Spud Cannon release Sophmore Effort ‘Squeeze’

A delicate bass is just itching to pummel us as we enter “Try for a While,” the smoking first track of Spud Cannon’s sophomore album Squeeze. Slowly the song blossoms into an inspiring, patient exercise in minimalism and melody, swinging in cadence with vocalist Meg Matthews’ slick poetry. We descend into the new wave thunder of “Runaway Strays” and quickly become trapped in its claustrophobic grooves, which close in on us within thirty seconds and push us into the verses with an uncompromising stomp. Matthews spews fragile words over an elastic ocean of magnified sonic discord, never flinching even as the instrumentation behind her takes on the shape of a hurricane bent on carnage. “The Lucky Ones” comes sliding out with a funky beat and before we know it that threatening superstorm has evolved into a danceable rhythm that we just can’t resist.

I-TUNES: https://itunes.apple.com/us/album/squeeze/1442130462

The haunting “February” slows down the pace of Squeeze for a moment before giving way to Spud Cannon’s swaggering cover of “Funky Town” and the jangle rocker “Tag.” “Tag” has the look and feel of a Replacements song penetrated by a pointed contemporary urban sway that is steeped in urgency. Even though this album features more twists and turns than a thrilling theme park ride, the substance of the content never feels fragmented or scattered. Squeeze is inarguably more experimental and hard edged than Next Time Read the Fine Print, but it would be more than difficult to make the case that its production isn’t a lot more focused and evenly matched with the disciplined execution of the music.

At three minutes and change, “Taken for Granted” is actually one of the longer songs on the album. Spud Cannon utilize every second of the track and fill even the minutest of spaces with an effervescence that is mesmerizing and borders on psychedelic territory. The rousing beat keeps the formlessness of the arrangement from going straight off the rails and into droning ambient territory, but in the shadow of “The Boogie Man” this song feels like one of the zanier numbers on the LP. “The Boogie Man” flirts with surf rock but stays true to the neon glow of the other riffage we find on Squeeze, and though it runs half the time that “Taken for Granted” does, it hardly skimps on musicality.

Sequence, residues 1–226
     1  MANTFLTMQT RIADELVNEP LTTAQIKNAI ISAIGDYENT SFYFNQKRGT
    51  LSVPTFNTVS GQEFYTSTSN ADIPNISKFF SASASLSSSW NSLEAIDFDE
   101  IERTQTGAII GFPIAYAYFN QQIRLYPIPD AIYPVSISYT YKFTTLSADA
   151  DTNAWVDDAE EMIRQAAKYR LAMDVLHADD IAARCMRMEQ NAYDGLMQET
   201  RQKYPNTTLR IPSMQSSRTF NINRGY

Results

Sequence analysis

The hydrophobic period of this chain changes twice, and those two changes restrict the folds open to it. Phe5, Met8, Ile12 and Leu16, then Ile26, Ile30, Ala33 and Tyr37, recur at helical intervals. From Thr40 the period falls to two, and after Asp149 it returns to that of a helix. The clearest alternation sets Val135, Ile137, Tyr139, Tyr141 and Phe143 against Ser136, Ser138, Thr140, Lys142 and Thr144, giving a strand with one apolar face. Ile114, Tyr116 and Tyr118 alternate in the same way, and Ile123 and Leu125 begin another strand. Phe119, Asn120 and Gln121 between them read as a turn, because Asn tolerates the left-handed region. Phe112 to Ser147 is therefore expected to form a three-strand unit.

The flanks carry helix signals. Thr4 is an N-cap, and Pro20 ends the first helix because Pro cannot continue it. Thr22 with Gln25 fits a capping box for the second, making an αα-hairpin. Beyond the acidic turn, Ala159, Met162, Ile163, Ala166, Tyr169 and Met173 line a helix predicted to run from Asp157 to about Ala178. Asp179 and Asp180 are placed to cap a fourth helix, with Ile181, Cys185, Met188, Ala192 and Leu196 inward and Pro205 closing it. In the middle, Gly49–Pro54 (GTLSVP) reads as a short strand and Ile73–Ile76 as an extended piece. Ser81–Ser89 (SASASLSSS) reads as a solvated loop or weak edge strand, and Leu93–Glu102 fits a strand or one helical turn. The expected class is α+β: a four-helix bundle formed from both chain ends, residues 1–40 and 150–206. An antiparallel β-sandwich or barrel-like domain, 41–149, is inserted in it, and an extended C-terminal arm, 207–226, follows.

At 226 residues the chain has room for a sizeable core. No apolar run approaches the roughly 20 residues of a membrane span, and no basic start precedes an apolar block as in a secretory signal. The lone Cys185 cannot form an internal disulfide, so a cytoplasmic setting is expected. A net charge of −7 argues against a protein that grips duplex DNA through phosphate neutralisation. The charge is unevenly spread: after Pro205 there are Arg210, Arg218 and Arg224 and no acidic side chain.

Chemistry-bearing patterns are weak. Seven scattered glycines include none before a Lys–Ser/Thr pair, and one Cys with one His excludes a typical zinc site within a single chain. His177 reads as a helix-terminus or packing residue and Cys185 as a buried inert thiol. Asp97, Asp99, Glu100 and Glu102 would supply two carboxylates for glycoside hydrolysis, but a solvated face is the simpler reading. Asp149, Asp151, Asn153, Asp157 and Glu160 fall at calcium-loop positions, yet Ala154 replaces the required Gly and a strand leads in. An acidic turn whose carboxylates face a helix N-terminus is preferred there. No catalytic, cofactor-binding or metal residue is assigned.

Squeeze comes to a conclusion with “Shadows You Turn To,” which employs a furious tempo but boasts a proto-goth melancholy in the vocal track that is possibly the most moving moment of the entire record. Speaking from personal experience, once you start listening to this album it becomes ridiculously challenging to stop, as each one of these songs bleeds into the next even when played on shuffle. Squeeze is cohesive yet unbelievably diverse, giving us an up close and personal look at the sumptuous tonality of a band that has yet to receive the attention that a lot of underground critics have deemed them worthy of for some time now. This LP is a watershed moment for Spud Cannon, and moreover an epic release in a recording season that has yet to disappoint.

BANDCAMP: https://spudcannon.bandcamp.com/album/squeeze

Gwen Waggoner